In France of the 1830s, the romantic movement showcased the medieval Art. One of the direct consequences was the creation of the Commission des Monuments Historiques. Prosper Mérimée, the writer but also the inspector general of Historical Monuments, approached Viollet-le-Duc about carrying out restoration work on the Abbey of Vézelay and Sainte Chapelle. The Commission then assigned the restoration-rescue of Notre-Dame de Paris to him, undertaken in 1845 and a task that would occupy the rest of his days.
Also among the major works of Viollet-le-Duc was the restoration of the fortified town of Carcassonne and the reconstruction of the Pierrefonds château for Napoleon III, as well as a number of other projects on medieval defences across France and Europe.
In a number of plans, drawings and sketches, Viollet-le-Duc also made an attempt to revive gothic fittings. Several objects at Notre-Dame de Paris received this treatment including the pulpit, the banc d’oeuvre [foremost pew] (now removed), the chapel altars and the choir high-altar, the baptismal fonts, the crown of light, the lustres, candelabra and chandeliers, as well as a number of pieces of liturgical silverwork that can be seen in the cathedral Treasury.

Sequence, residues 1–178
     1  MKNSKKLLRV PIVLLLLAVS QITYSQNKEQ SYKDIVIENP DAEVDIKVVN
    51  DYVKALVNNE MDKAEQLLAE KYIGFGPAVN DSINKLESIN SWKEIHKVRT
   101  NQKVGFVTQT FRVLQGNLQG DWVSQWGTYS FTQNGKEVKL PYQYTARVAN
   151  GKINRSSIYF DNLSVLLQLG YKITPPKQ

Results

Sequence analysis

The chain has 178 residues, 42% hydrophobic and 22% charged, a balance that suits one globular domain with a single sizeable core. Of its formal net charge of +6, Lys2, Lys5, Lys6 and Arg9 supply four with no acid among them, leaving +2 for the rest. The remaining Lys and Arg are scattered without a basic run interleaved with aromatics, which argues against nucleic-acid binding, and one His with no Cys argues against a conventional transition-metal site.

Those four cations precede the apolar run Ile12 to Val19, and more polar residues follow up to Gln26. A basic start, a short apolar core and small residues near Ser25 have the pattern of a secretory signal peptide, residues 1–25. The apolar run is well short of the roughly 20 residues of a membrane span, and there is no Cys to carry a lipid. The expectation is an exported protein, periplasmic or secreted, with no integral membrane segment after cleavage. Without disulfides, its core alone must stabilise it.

His theoretical inquiry into the gothic influenced a number of Art Nouveau artists such as Guimard, Gaudi and Horta.
Two Viollet-le-duc works would go on to have authoritative status: the Dictionnaire raisonné de l’architecture française du XI au XVIe siècle (1854-1868) and the Dictionnaire raisonné du mobilier français de l’époque Carolingienne à la Renaissance (1858-1870).